The Art of Fielding

“The shortstop is a source of stillness at the center of the defense. He projects this stillness and his teammates respond.”

So reads one of the many epigrams from The Art of Fielding by legendary shortstop Aparicio Rodriguez. Which is not the book referred to in the title of this post, but rather a fictional instructive pamphlet that’s become a sacred text for the college ballplayers portrayed in The Art of Fielding by Chad Harbach, which is the book referred to in the title of this post. Said book had its rights won by a publisher in a highly publicized bidding war for north of $600,000, a fairly outrageous sum for a first-time author. Said book thus arrived in September with a ton of hype behind it.

Said book is brilliant.

The Art of Fielding is about baseball the way Moby-Dick was about a whale. It’s author chose an area of interest dear to him and used it as a framework for exploring the human condition, the same as Melville did with his whaling opus. Which isn’t at all to say that the baseball stuff is irrelevant or poorly thought-out. It’s thrilling and illuminating, just as the hunt and battles with The Whale were. It’s just not The Big Idea of the book.

Shortstop is routinely (and correctly) described as the hardest position on the diamond to field. A shortstop must make split-second decisions once a ball is put in play – should I charge it or give way? Set and plant my feet or flick it across my body? Go for the lead runner at second or take the surer out at first? Make the throw and let the sliding runner upend me or hold onto it and get out of the way?

Henry Skrimshander is a skinny, socially reticent nothing who can’t hit a lick, but he’s an absolute prodigy at the shortstop position. Mike Schwartz, the gregarious lumberjack of a catcher for the woeful Westish College Harpooners (there’s Moby-Dick again) takes him under his wing. He gets him into his school, onto the baseball team, and onto the MLB scouts’ radar. Under Schwartz’s tutelage, Henry blossoms into a legitimate prospect, with a bat that’s nearly a match for his glove. The Harpooners start winning for the first time in forever. Henry’s told by scouts he could go in the draft as high as the third round.

And then he forgets how to throw.

It comes on the day he’s set to tie his hero Aparicio’s record for consecutive errorless games. He makes an error that day, but to call it an error would be the understatement of a lifetime – he nails a teammate in the dugout in the face with a throw. Puts him in the hospital. After that fateful throw, this once machine-like fielder with a bazooka for an arm has trouble with even the most routine of tosses. He thinks too much, clutches one time too many, plays out too many possible permutations in his head. He’s just plain lost it.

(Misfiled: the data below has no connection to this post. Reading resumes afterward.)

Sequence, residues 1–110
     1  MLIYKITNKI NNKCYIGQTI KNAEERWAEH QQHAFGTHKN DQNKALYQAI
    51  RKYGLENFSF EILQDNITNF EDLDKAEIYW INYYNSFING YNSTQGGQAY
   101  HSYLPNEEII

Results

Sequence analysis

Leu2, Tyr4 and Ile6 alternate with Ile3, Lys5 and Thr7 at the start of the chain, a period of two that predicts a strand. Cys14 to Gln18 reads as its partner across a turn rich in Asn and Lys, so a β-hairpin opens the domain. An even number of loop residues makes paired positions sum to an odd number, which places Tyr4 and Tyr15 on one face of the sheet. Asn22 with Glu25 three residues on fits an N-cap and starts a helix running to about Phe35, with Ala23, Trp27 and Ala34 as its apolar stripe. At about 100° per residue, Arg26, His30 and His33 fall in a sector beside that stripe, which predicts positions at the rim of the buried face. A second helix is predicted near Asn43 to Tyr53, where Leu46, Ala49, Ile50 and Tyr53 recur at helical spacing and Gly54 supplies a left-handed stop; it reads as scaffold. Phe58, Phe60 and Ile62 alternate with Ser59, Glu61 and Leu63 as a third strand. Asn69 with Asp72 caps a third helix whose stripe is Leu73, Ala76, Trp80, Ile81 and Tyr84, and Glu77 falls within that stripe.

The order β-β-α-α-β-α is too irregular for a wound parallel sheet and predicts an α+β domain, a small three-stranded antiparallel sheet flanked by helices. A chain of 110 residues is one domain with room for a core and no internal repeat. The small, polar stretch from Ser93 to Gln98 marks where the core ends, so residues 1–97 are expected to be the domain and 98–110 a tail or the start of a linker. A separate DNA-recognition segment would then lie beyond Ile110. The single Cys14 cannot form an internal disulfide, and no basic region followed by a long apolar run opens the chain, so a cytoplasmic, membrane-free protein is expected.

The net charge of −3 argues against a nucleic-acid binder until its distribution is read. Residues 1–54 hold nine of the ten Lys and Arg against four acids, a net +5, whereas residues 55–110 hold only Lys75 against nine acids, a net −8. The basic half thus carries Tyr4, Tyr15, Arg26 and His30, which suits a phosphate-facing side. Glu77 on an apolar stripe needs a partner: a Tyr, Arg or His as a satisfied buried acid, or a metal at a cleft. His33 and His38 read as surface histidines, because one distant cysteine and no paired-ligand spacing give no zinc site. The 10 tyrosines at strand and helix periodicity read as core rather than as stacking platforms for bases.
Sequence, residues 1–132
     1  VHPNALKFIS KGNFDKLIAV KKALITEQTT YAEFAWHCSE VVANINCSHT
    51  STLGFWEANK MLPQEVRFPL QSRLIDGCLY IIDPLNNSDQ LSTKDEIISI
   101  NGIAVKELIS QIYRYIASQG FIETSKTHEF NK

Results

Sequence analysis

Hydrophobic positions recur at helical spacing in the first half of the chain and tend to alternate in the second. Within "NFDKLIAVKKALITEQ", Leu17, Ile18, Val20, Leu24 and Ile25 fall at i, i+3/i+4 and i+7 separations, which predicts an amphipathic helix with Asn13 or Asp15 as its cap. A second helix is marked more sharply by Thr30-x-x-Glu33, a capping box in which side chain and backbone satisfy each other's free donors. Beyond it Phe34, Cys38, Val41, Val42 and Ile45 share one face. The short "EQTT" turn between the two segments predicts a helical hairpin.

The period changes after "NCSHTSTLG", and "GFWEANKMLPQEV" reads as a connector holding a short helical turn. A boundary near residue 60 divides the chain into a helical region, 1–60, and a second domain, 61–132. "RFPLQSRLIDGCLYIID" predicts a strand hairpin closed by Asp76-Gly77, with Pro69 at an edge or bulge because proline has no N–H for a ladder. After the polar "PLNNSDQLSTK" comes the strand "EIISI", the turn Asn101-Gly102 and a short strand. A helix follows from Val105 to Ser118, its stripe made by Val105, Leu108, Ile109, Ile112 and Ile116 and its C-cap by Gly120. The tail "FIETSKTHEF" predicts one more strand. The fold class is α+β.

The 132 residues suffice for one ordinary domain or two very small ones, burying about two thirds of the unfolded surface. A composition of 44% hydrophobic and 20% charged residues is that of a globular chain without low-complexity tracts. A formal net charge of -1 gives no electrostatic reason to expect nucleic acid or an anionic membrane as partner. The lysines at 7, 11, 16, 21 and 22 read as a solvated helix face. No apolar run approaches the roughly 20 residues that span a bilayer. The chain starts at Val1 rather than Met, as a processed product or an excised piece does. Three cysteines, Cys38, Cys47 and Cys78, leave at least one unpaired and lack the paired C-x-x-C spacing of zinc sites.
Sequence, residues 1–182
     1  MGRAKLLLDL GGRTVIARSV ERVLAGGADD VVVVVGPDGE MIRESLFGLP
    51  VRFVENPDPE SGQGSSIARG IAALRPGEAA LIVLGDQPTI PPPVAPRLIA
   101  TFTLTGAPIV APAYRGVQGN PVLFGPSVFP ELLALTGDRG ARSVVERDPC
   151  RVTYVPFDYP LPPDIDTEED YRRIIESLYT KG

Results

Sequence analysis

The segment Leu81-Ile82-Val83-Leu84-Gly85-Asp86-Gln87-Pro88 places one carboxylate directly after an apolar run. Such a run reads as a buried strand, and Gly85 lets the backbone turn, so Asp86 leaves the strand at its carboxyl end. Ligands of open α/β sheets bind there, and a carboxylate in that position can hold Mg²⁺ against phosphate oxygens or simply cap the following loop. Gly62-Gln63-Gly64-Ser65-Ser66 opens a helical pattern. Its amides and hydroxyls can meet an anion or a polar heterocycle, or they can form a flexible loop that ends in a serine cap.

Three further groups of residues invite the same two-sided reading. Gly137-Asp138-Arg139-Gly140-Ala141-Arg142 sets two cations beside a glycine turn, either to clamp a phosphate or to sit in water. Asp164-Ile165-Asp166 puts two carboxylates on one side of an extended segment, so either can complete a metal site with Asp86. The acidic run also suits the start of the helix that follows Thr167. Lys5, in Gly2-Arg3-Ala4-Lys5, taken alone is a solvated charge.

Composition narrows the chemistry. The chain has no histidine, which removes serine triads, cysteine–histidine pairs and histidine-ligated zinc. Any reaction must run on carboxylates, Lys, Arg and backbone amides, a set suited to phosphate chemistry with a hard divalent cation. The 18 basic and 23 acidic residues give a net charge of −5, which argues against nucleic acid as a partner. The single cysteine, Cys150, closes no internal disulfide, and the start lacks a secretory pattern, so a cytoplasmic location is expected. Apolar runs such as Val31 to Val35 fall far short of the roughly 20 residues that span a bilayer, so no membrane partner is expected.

Harbach’s depiction of a kid who’s just lost the one attribute that made him special is heartrendingly empathetic. His prose and dialogue offer such clarity, such insight, such this-is-a-real-person-ness that it became for me not a fictional portrait of a condition that’s famously bedeviled Chuck Knoblauch and Rick Ankiel, but a genuinely profound image of the frailty of humanity. A truly authentic and enlightening look at what lies beneath; not so common, is it?

Henry’s ill-aimed throw hits his teammate and friend Owen, an impossibly likeable character and the antithesis of a stereotypical athlete. This is someone who sits on the bench with a reading lamp, devouring Thoreau or Emerson, and when called to bat will calmly, serenely slash a double down the line, coasting with a graceful gait into second. Drive him in and he’ll tell you, without a hint of pretension, that “You are skilled. I exhort you.” His teammates call him the Buddha.

Owen becomes the object of desire, in a not-at-all crass way, for college President Affenlight (another absurdly endearing character). Their relationship will become intriguing, unpredictable, multifaceted and, above all, tender. It’s a word that’s often used and almost as often used inappropriately. To develop a romance that isn’t cliche and cloying but genuinely heartfelt – this is one of the more distant stars for an author to reach for. Harbach completely, and gently, closes his hand around it.

Gentle and complete – that may well be the best shorthand for speaking of Harbach’s novel. It is so fully-formed, its characters so well-realized, its narrative’s unfolding so elegant. It’s about so much, more than I can cover here, more than anyone not named Chad Harbach and not writing The Art of Fielding could cover. Do you charge and barehand that slow roller up the line, or just put it in your pocket? Do you try a spectacular diving catch, or play the ball on a hop? Do you take the easy out, or go for the improbable double play? That’s not just the life of a shortstop – that’s life. And that, for 528 sublime pages, is The Art of Fielding.

I rarely struggle with determining whether a book is truly great, and it’s because I have a tried-and-true personal indicator: at or around the midpoint am I both eager for and dreading the book’s end? Am I obsessively powering toward the conclusion and then, upon noticing that the pages on the right are dwindling into nonexistance, am I consciously slowing myself down, and savoring every last word? And when I’ve hit that last line, do my eyes linger on its text as my mind lingers on its finality, and do I slowly look up and know that, should I grab a mirror, my reflection would betray something I hardly ever feel: honest to god reverence.

Well. By that fundamental test of greatness, The Art of Fielding is a goddamned masterpiece.

Mr. Harbach, you are skilled. And I exhort you.